Minor additional praise points... The little play Loki as Odin stages with Sam Neill as Odin, Matt Damon as Loki, and Luke Hemsworth as Thor...priceless, I laughed out loud at that scene every time I saw it. The cost of paying for one of the most expensive songs of all time for the soundtrack and then using it repeatedly...worth it (I just love anytime anyone forks out for Immigrant Song and lyrics wise it was just crying out to be used in a Thor film). 

I don't have an Aussie film on my list this year but since this was filmed in Sydney and Brisbane, and has Aussies as the lead hero and villain, and a Kiwi director and a couple of Kiwi support actors I claiming this as my Aussie film of 2017 even if it was American backed.

5. Blade of the Immortal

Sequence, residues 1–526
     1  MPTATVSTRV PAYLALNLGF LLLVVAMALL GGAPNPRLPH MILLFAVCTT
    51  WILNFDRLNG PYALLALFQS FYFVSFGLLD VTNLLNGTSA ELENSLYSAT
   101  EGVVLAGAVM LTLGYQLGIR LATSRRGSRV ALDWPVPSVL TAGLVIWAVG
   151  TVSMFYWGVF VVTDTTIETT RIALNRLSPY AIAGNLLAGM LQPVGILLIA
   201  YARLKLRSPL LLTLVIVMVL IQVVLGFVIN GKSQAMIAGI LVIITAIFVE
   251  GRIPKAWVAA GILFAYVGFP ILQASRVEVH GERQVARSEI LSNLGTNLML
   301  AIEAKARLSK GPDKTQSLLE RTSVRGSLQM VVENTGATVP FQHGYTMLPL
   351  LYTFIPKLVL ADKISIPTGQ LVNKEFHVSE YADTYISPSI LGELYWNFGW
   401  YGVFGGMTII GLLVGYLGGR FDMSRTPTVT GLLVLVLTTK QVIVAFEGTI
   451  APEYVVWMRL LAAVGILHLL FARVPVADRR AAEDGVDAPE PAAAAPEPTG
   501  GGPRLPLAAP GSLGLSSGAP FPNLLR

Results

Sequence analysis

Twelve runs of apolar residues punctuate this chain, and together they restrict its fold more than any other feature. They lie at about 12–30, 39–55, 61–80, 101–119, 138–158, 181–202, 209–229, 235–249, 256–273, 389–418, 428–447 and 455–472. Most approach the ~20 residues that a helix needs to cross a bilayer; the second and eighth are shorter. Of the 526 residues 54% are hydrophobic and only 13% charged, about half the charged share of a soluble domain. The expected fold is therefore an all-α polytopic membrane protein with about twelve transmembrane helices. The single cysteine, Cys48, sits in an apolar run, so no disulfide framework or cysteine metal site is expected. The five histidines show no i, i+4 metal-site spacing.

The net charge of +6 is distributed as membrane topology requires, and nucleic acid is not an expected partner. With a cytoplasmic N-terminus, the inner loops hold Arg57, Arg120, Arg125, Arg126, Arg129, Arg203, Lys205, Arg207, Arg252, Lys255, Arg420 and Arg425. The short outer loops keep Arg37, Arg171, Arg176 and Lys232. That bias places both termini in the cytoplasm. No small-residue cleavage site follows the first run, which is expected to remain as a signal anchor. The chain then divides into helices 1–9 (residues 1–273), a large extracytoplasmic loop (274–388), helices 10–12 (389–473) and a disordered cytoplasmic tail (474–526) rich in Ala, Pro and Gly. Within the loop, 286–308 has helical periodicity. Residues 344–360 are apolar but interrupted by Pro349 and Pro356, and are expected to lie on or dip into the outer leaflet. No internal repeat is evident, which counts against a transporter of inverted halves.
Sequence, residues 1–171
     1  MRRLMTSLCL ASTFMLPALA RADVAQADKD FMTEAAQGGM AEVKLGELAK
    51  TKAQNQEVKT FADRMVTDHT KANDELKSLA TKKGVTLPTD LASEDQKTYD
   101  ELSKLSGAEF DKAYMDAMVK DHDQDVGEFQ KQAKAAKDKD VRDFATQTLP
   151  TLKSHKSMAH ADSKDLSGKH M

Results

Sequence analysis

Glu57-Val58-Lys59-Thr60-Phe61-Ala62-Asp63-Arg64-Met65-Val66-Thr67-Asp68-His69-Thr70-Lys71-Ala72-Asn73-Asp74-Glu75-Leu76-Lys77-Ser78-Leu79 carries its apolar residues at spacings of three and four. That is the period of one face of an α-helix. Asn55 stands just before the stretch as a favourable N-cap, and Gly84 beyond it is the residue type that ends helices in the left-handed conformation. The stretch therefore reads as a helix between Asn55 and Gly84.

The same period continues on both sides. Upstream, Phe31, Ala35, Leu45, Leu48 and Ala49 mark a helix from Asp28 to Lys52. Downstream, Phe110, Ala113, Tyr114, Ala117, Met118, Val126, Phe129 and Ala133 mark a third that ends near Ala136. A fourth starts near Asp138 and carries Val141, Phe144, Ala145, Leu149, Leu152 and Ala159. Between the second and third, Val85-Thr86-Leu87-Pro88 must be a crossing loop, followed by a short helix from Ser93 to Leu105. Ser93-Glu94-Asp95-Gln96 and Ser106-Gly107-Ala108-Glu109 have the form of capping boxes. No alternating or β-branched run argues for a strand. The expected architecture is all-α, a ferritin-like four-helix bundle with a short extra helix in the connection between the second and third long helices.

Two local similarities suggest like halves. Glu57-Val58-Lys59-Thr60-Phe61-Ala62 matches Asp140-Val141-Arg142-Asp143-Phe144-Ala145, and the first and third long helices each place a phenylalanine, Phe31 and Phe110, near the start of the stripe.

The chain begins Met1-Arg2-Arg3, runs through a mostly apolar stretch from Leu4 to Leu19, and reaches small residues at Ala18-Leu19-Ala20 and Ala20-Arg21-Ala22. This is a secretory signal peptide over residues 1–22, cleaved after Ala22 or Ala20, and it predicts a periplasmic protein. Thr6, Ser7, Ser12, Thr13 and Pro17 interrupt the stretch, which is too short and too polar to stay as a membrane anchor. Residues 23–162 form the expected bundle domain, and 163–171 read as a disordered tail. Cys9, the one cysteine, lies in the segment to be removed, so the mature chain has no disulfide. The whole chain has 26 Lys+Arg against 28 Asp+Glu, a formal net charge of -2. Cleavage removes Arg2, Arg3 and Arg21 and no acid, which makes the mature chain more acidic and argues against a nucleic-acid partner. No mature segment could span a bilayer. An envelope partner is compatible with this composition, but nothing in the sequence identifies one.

Manji (Takuya Kimura) is a samurai fighter. After he kills the corrupt warlord for whom he works and the warlord's other bodyguards- including his younger sister's husband- he and his younger sister are on the run and they meet a strange old lady. Manji ignores the old lady and quickly he and his sister are ambushed by a large band of ronin. The ronin leader kills Manji's sister and against impossible odds, Manji takes out the ronin but not without taking fatal wounds. As he lies dying, the old lady reappears and she introduces blood worms into Manji's body which heals his wounds and make him un-killable. Jump forward 52 years. Young Rin Asano (Hana Sugisaki) escapes the massacre of her parents and all of her father's samurai trainees at her father's dojo at the hands of the Ittō-ryū led by Kagehisa Anotsu (Sota Fukushi). Rin, who is an untrained young teen (she looks possibly even younger but Hana Sugisaki is 20 so I'm going with teens), declares that she is going to avenge the death of her parents and so seeks out the mysterious immortal samurai who lives on the edge of town as her bodyguard. Manji refuses to help her initially but after Rin is attacked by one of the more sadistic members of Ittō-ryū who not just reveals that he raped her mother but also has sewn her mother's head to his shoulder, he saves her and join her in her quest to take down Kagehisa Anotsu and the rest of the Ittō-ryū.